Once, Out of Night, Unbidden

She has a cycle of poems under the rubric "Home: A Calendar" in which "March thaw, March snow" features a descriptions of crocuses.

their white tongues poking
unbidden from the loam:
pale children, tentative and lean,
summer's hope a linen napkin
held to the lips, once, softly
I recall that another species of crocus (Colchicum autumnale) blooms in the fall and although its presence is not evident in "October" which ends the home/calendar sequence — the poem, indeed the book, is spacious enough to admit the reader's wandering — and the March image of the crocuses as napkins held, once, to the lips is part of the whole catalogue of "these moments of luminous grace" holding beauty and grief and set as a sign "here" indicating "this is the way to come home". These moments call out beyond the immediate sequence to the preceding sequence in honour of Bronwen Wallace who died of cancer of the mouth. That sequence is called "The Sound of the Birds". There the last poem of the sequence ends with the line "the dark heart of a night without song". That is the beginning point of the calendar, the round of time, that is a route to a final resting. This is the way of Carolyn Smart in The Way to Come Home. Or to read softly, it once was, because home may become a night without song and initiate another journey.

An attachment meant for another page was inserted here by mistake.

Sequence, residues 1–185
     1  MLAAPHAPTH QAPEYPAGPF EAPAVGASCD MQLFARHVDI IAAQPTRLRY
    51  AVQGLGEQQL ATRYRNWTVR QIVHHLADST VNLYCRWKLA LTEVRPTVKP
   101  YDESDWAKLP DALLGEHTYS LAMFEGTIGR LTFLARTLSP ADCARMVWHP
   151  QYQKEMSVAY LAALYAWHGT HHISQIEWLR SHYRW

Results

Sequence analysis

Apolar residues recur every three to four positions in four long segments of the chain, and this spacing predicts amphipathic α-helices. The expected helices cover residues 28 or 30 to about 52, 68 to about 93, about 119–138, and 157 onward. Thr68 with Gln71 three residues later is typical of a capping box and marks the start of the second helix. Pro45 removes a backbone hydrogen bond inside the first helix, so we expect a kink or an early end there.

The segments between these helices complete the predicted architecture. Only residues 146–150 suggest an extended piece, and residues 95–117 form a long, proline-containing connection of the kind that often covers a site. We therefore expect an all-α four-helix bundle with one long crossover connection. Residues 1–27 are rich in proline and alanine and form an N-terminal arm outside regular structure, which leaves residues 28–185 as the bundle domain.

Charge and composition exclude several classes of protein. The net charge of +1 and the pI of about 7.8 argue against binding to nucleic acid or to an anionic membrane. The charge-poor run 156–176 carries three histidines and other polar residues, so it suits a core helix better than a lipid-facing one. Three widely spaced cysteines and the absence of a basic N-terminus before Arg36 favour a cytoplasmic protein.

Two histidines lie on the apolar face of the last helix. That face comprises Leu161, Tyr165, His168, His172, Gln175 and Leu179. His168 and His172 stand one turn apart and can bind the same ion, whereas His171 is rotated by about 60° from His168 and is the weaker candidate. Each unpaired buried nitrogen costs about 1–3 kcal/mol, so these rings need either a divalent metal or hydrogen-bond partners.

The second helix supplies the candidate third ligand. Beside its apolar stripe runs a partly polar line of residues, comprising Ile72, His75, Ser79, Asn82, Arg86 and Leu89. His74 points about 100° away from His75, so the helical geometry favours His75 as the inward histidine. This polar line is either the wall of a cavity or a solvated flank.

And so for day 1331